The State of Hyperlocal 2018 Report – Street Fight

The State of Hyperlocal 2018 Report

In technology-driven markets, it’s usually wise to be just a little ahead of your customers, while not ignoring the well-earned maxim to “follow the money.” So Street Fight asked executives on the supply side of the hyperlocal economy where they saw customer dollars shifting, as well as where they were making their own investments, and compared that to surveys of their customers. The findings, analyzed in this chart-packed third annual report, provide an essential strategy document for any business operating in the dynamic local marketing and commerce ecosystem.

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Some of the key findings from our analysis of the survey include the following:

• Alignment between sellers and buyers.

Both sellers and buyers agree that online-to-offline attribution is the most difficult local marketing industry challenge. It is the top near-term R&D priority for over one-third (36%) of suppliers. When assessing customer needs, suppliers appear to zero in on a fairly broad collection of tactics that also align well with those of their target customers. Multi-location brands are most concerned with proving marketing ROI.

• Some hyped technologies have faded.

Technologies that generated a great deal of industry hype a few years ago, like beacons and on-demand services, are not very high on vendor R&D priority lists. Neither are newer buzz-generators like augmented or virtual reality and chatbots garnering much investment attention from the survey respondents. Instead, in addition to attribution, top R&D priorities include local presence and listings management (33%) and location data and analytics (31%).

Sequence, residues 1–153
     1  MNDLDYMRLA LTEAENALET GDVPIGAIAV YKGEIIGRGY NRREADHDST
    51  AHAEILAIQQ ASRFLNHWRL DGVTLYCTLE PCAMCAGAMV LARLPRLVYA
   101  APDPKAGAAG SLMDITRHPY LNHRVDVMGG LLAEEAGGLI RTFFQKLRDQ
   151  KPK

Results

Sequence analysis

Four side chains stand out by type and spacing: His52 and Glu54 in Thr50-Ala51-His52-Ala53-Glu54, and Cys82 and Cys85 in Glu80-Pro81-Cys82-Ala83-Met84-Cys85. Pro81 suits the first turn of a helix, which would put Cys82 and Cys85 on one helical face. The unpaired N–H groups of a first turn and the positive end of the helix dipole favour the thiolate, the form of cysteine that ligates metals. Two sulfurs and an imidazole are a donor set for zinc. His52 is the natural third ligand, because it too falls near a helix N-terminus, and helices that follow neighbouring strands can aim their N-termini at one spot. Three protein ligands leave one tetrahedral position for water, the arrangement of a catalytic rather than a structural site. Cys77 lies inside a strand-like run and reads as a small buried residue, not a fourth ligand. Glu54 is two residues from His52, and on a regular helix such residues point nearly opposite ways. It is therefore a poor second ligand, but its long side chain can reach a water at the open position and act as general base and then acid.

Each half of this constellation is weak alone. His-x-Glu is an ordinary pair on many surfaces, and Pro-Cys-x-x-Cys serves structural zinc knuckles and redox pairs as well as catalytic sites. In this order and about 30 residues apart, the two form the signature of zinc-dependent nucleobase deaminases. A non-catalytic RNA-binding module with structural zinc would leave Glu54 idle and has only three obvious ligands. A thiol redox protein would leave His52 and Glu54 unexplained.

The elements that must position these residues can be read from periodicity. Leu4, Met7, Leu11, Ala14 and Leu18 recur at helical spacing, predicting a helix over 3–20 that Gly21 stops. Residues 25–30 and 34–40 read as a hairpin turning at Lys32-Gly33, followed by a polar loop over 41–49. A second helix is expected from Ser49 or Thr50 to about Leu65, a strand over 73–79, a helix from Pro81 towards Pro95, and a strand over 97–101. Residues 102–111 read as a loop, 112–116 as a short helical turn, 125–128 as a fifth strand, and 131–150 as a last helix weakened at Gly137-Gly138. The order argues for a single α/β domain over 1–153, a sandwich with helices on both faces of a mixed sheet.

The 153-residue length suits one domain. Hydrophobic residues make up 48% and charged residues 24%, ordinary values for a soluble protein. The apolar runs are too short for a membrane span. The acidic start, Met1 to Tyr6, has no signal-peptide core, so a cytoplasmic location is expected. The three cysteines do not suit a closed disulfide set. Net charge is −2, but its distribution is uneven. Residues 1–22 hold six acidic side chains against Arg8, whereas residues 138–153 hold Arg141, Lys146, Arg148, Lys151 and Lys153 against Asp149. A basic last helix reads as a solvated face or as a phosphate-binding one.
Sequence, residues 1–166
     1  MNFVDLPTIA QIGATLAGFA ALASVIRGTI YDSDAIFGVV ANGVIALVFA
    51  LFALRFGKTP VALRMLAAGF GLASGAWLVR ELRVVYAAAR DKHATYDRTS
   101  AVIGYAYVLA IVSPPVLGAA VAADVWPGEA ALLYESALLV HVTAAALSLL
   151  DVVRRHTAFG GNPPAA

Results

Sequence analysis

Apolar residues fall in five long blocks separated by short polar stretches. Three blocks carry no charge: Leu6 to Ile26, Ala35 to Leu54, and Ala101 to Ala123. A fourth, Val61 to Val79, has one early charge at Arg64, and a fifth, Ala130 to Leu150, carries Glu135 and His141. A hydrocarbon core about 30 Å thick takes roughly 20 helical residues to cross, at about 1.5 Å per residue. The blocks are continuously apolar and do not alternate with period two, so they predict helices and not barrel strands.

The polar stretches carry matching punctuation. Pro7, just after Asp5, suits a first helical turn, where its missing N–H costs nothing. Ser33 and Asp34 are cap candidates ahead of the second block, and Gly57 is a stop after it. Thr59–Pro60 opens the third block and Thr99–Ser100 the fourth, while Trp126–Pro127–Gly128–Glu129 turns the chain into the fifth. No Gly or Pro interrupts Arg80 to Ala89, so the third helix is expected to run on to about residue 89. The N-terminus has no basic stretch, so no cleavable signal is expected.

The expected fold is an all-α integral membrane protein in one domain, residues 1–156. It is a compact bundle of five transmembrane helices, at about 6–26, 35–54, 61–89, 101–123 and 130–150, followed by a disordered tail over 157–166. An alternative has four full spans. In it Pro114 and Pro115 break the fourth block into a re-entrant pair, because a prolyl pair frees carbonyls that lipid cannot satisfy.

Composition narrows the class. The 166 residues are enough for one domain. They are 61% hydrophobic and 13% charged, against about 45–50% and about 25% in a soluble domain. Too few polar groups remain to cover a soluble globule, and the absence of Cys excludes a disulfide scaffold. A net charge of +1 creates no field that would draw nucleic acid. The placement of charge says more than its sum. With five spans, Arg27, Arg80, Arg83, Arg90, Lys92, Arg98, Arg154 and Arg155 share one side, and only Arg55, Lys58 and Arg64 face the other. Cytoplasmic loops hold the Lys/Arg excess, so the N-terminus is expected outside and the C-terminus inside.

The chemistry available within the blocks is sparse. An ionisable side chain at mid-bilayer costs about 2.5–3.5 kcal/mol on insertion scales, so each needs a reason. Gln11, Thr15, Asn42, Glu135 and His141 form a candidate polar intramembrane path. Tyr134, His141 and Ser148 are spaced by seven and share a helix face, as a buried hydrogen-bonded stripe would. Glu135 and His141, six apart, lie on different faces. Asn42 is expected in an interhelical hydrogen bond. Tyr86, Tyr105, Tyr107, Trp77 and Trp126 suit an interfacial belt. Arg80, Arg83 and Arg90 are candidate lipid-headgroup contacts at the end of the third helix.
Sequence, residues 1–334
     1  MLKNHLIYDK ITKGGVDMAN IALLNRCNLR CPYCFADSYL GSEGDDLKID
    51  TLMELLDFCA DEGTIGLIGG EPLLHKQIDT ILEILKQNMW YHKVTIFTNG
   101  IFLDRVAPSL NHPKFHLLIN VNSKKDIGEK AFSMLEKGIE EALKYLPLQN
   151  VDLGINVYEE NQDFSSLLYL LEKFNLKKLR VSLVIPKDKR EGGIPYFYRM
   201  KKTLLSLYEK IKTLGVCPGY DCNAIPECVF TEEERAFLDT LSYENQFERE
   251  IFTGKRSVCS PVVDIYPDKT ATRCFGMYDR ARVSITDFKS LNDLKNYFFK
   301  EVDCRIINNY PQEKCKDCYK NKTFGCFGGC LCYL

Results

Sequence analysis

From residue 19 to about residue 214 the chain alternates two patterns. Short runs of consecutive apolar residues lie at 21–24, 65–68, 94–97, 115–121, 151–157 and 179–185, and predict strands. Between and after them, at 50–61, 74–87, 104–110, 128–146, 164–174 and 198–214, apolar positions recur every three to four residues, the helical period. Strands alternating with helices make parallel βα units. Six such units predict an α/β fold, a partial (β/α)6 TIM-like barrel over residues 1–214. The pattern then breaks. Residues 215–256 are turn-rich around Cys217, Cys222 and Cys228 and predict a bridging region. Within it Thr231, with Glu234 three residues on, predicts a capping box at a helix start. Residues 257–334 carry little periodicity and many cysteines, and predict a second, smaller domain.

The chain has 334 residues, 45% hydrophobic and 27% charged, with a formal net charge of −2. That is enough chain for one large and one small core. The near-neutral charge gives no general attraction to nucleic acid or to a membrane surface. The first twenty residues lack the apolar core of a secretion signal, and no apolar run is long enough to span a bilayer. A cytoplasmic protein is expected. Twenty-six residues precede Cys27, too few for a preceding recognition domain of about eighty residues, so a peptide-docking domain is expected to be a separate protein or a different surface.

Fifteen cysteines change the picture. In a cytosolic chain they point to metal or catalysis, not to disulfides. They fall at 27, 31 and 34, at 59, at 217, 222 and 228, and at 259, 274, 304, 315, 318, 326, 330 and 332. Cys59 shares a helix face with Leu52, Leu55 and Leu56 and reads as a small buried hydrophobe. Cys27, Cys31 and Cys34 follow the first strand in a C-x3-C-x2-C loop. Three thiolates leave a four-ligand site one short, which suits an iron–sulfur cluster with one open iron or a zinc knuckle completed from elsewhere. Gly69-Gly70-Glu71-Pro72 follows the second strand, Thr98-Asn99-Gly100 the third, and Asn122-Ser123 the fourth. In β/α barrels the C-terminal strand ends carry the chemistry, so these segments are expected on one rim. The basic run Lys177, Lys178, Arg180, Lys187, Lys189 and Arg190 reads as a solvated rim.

• Company challenges include ROI, brand awareness, and selling to brands.

The hyperlocal supplier community may be missing some growth areas in email, search, and non-social digital display advertising, especially at enterprise local marketers. The fact that both SMBs and brands are increasing local spending across multiple tactics presents opportunities in campaign integration. Selling local marketing technology and services to multi-location brands continues to be a top challenge facing would-be suppliers. Offering tactics and tools to harmonize multiple customer data sources would help address the brands’ digital marketing pain points.

So, while vendor investments are largely following customer spending, it’s not getting any easier. The state of hyperlocal remains dynamic, and smart suppliers must remain flexible and open to partnership.